Ambassador Norman Eisen: Inside Europe's Turbulent Century
This program is part of our Good Lit series, underwritten by the Bernard Osher Foundation.
When Norman Eisen moved into the U.S. ambassador’s residence in Prague and returned to the land his mother had fled after the Holocaust, he was startled to discover swastikas hidden beneath the furniture in his new home. These symbols of Nazi Germany were remnants of the residence’s forgotten history, and evidence that we never live far from the past.
Looking into the building’s history, Eisen discovered a remarkable story stretching back over 100 years. In his new book, The Last Palace, Eisen tells a captivating tale of the upheavals that transformed Europe over the past century and of four remarkable people who have called the ambassador’s residence home. Otto Petschek, an optimistic Jewish financial baron who built the palace, and Shirley Temple Black, famed child star and U.S. ambassador, both lived there. Eisen dives into the personal and political history that shaped both a country and a continent.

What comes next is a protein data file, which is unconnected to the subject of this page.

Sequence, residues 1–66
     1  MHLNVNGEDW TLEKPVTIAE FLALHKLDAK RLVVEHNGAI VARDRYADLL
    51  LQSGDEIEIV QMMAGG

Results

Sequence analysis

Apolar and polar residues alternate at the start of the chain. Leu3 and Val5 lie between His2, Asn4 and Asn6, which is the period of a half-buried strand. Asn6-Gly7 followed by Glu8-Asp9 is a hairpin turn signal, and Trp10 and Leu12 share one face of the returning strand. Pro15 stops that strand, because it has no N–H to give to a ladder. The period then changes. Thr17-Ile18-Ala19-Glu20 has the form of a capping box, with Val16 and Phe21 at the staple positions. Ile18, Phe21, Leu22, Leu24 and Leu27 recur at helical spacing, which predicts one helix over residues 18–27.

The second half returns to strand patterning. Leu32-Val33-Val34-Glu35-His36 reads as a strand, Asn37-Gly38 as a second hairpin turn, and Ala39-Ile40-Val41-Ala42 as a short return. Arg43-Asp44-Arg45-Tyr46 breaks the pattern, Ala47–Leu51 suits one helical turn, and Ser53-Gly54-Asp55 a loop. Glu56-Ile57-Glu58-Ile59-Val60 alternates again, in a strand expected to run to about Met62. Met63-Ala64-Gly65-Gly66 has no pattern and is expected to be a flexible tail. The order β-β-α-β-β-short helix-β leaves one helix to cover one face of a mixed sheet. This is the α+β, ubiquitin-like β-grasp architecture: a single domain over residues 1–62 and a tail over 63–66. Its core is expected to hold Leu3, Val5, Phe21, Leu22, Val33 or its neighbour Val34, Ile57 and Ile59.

Join us for a conversation about history, diplomacy and the triumph of liberal democracy in the face of tragedy and dictatorship.
Eisen photo by Paul Morigi